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Retired Info Tech Project Manager. Born in the British Empire. Educated in Physics. Worked inn Information Technology. Interests - Writing, Theater, Bicycling, Rowing.

Monday, September 13, 2010

Call Center English

Derailed by a Common Language
Anchorwoman Decibella Chatterjee walks in to a classroom, followed by a heavily laden camerman.  DC stops, looks around, sees no mirrors, takes one out of her purse and admires herself.  Cameraman walks around, studying angles, backgrounds and lighting; then sets up tripod and mounts camera; tests sound levels and gets ready.
DC:            Camraj, are we ready?  [Cameraman nods.  Meanwhile, instructor and students have been watching all the preparations with interest.]  Hi, I am Decibella Chatterjee [beams at the instructor].
Instructor:            I am Priya Sethi. My boss told me to expect you.
DC:            Is he one of my fans?
PS:            [Trying to remember] He just said, ‘You will have to put up with an annoying media intrusion today.’
DC:            What?  Cammie, did you hear that?
Camraj:            You should have heard what he told me when I asked for permission to broadcast from this classroom today.
DC:            Well! [Doesn’t know what to say, gives up. Looks around, sees Baldev, Gurbux and other boys gazing at her lustfully.  Cheers up.]  Never mind, I know my viewers want to see this Call Center business from the inside.
PS:            What you will see in my class room is the preparation for working in a Call Center.  We get run-of-the-mill students [Students who understand English frown; others continue gazing at DC] and turn them into passable Call Center operators.
DC:            OK, then!  Let us get started.  Proceed with your class. Cammie will start recording; I will just stand here, looking good.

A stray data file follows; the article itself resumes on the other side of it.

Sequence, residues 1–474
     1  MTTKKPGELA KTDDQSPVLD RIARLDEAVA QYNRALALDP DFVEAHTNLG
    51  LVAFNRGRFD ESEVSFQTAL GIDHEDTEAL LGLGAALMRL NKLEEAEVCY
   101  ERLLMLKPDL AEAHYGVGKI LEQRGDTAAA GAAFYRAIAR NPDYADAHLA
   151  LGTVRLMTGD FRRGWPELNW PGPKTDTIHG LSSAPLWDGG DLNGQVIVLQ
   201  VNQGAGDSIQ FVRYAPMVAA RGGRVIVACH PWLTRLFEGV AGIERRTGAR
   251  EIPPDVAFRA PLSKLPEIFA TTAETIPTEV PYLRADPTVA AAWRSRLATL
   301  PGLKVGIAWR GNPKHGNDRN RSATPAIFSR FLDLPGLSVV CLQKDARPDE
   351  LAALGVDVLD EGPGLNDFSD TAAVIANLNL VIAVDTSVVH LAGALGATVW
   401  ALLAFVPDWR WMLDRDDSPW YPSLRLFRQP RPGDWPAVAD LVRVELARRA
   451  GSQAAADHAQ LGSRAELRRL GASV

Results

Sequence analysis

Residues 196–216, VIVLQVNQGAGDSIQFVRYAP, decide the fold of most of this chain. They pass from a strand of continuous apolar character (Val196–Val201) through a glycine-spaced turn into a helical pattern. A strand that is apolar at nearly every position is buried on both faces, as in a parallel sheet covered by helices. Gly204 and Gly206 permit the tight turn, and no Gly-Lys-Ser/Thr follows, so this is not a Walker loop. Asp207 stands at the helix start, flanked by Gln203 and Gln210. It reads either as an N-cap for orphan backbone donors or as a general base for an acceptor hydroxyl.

PS:             Good morning, students. I am Priya Sethi, and I will be your instructor for the Error Lingua Productions course on Call Center English, offered on behalf of your employer, Airhead Telecomm.
Airhead has retained us, as have many profitable enterprises, to teach their Call Center employees the proper way to deal with customer calls.
Student raises his hand.
PS:             What is it, Baldev?
Baldev: Miss, we are knowing English already. Company employing us because we passed out English test only.
PS:             I know that, Baldev. But what you learned at your school – which was probably not as good as this school [sniff] -- was standard Indian English. That may be good enough to work at Byebye Consulting Services or Ifnosys Corp; what Airhead Telecomm needs you to learn, and utilize, is Call Center English.
Student stands up but does not raise his hand.
PS:             Yes, Shrini?
Srinivasaraghavan: Kindly enumerate, in descending order of importance, the differences between SIE and CCE.
DC:            [Interrupting] What is SIE?  And CCE?
Camraj:                        Oh, Bella!
Srinivasaraghavan: As should be clear to the meanest intelligence – even an anchorwoman’s [DC starts to protest, Camraj pacifies and silences her] – SIE is Standard Indian English; CCE is, needless to say, Call Center English.
PS:             That is exactly what I am about to teach you. Listen carefully.
Studies have shown that 87% of all customer calls to a Call Center are for a complaint. Of these, 95% are for the purpose of gaining $50 or more for the complainant. Think of it! More than four calls out of every five are made for extracting $50 or more from your company. Remember that customer’s gain is your employer’s loss. What is it, Gurbux?
Gurbux: Why we don’t send a munda or a gunda to bash up complaining customer? Aphter all, we have name and address in database.
PS:             Gurbux, Airhead Telecomm does not want to bash up its customers; that would discourage them from spending money on Airhead products and services, do you understand?
So – talk to the customer, thank them for being your customer, sell them additional products, services or contract extensions. But if they persist in complaining or – worse – asking for a refund or a credit, then you switch to CCE.